…Joe Trippi: There’s nothing [crosstalk, yeah, they’re pure, they’re very pure. Yeah, that system’s really pure. I mean, that’s what I’m saying. So, you know, look, there, there’s not like there’s any perfect way to do it. But I think the more citizens are participating in, the more citizens have a say and the, and the harder it is. The easier it is for citizens to participate and the harder it is for legislators to undo what citizens, when citizens voice things in initiative the better the pro, the better we’ll, we’ll be then the system we’ve got now which is the legislature doesn’t do what it needs to do and then when we take action they say, oh, you idiots, you don’t know what you’re talking about. We think you’re wrong. And that, it was a mistake [crosstalk] and, you know…
Show Me Progress: Yeah, and, and it’s been interesting for me, the, the idea of the citizen participation as, as, as we’ve been doing this for the past couple of years watching this. It’s, it’s almost scary that, um, you know in two thousand ten to see the, the drop in people who were, were participating. [inaudible] Because I think there is a fear, two thousand twelve, of not, not sustaining the kinds of interest that we saw in two thousand eight. [crosstalk]
Joe Trippi: No, that’s definitely in the [inaudible].
Show Me Progress: And it has, and it has a huge impact.
Joe Trippi: No, that, that’s what I’m saying, so that’s like, you know, let’s keep cutting off, making it tougher. Hey, you guys pass something, we’re outta here, you wasted all your time. That was anybody who carried those petitions, anybody who knocked on any doors, anybody sent twenty-five bucks in. [voice: “Yeah.”] You wasted it. It was a waste, ’cause us guys up in Jeff City said, you were wrong. Well that’s a great message to send to people about what, why they should be active in politics. That’s, I mean, that’s why, you know, I’m for this thing. I mean, I think we need to buttress and make strong the foundation where American people and Missouri, people of Missouri can participate, can, uh, have more of a say. And we’d probably be a lot better off, um, you know, if we had some sort of system where you could do that, get, you know, where they had more of a say directly in Washington, too. But, you know, that’s, that’s a dif, different [crosstalk], different day.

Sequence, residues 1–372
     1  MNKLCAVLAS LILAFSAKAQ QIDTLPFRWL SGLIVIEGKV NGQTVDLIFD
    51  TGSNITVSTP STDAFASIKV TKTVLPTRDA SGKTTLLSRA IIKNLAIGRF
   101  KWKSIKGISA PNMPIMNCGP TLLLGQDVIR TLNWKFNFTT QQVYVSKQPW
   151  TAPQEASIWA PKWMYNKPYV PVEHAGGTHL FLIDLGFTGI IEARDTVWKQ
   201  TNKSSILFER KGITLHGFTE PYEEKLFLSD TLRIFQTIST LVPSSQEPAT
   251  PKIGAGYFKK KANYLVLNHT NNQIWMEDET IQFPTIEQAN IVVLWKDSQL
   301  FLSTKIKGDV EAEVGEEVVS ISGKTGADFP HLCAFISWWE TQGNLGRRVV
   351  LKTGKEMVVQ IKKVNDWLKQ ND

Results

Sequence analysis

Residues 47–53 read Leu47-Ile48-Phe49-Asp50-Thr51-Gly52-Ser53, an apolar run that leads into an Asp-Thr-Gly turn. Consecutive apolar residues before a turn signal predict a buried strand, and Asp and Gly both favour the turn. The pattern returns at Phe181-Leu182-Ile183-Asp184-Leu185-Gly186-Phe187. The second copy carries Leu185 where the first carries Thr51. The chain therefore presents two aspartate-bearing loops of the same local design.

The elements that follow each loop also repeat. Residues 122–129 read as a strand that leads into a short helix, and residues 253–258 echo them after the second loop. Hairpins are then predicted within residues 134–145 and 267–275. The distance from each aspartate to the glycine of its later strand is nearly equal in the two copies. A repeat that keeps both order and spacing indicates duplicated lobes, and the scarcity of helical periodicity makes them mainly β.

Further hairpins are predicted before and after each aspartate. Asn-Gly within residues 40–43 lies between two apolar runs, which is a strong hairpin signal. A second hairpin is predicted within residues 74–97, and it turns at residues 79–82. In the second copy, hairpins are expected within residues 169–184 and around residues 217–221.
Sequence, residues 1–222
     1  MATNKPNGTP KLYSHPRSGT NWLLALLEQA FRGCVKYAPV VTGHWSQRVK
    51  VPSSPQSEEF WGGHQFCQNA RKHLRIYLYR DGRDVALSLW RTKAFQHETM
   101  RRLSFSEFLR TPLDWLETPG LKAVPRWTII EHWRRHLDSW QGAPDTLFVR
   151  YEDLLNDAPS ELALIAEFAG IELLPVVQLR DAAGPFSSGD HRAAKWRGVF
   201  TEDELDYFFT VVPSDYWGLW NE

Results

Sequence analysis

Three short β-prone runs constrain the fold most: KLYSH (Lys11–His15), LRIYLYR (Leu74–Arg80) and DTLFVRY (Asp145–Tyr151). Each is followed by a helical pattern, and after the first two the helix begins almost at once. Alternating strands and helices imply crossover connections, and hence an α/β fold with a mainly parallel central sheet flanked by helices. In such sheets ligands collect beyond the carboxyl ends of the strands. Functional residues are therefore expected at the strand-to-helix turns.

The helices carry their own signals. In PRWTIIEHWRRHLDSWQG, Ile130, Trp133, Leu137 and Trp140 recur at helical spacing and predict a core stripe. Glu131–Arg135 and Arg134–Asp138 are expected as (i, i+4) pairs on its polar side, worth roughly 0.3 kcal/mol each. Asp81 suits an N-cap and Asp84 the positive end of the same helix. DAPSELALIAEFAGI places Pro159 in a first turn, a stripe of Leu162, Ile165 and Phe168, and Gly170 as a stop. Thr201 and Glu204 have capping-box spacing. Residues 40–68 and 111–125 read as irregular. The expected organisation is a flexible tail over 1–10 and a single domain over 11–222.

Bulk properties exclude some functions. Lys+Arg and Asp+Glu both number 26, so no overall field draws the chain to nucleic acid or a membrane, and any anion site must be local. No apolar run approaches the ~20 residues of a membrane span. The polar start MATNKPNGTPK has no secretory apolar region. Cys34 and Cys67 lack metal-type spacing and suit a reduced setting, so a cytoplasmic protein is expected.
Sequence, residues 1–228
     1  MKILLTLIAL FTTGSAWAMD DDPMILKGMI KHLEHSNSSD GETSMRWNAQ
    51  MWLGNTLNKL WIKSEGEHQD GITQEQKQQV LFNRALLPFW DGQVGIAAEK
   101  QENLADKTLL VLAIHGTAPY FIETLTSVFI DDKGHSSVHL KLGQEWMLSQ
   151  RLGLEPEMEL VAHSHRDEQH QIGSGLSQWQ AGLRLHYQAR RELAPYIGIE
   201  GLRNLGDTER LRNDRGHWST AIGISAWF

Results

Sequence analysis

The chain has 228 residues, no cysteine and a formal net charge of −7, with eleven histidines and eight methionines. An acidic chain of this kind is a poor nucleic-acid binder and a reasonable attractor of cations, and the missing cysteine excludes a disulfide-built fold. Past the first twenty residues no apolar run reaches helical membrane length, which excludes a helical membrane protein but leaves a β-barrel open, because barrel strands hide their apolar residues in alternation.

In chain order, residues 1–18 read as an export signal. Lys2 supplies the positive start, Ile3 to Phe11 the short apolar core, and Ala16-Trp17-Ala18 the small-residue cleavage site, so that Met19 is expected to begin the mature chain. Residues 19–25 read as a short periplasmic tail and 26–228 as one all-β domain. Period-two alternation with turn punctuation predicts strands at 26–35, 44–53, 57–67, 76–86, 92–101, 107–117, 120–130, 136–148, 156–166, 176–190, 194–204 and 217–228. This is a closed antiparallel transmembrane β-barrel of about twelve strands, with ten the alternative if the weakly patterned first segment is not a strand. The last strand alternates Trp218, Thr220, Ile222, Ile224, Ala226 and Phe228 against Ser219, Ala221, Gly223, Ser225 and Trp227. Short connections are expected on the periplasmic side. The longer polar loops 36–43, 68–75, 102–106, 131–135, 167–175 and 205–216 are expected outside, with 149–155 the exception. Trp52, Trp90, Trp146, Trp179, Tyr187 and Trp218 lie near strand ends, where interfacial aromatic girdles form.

Show Me Progress: And, and, and there’s some ironies in the thing. The carry conceal, uh, initiative was in ninety-nine, am I right about that. Do I remember that? [voice: “Ninety-eight.”] Ninety-eight. Ninety-eight. ‘Cause I remember being in Jefferson City and, and [Senator] Harold Caskey [voice: “Yep.”] , uh, with, with that. Uh, what I remember about that was that the NRA started throwing huge amounts of money in that election. And what they did was, that people started to wake up about what was going on. And what actually happened is it boosted voter turnout. And I think the irony is, the way I looked at it, is if they would have kept quiet it would have passed. And, and they spent millions and people started going, wait a minute, we don’t want that. And, and what happened was it, it went down to defeat. So there, uh, sometimes the Missouri voters are…
Voice: But just for, just for a little bit of clarification, the conceal carry was not an, an initiative. The citizens didn’t put it on the ballot. [crosstalk] The legislature did. It’s a different term [inaudible].
Show Me Progress: Right. I understand that. [crosstalk] But, it was, it was a ballot [voice: “Right.”] issue. Right.
Voice: But that’s something that we do point at because the voters made it very clear how they felt about conceal carry [voce: “Right.”] and the legislature still went against them. So there are examples of even, not the, necessarily, or overturning initiatives that citizens put on the ballot, but there are a lot of examples like that [crosstalk] where the citizens have voted on and then they just say I don’t, still don’t care about what you say.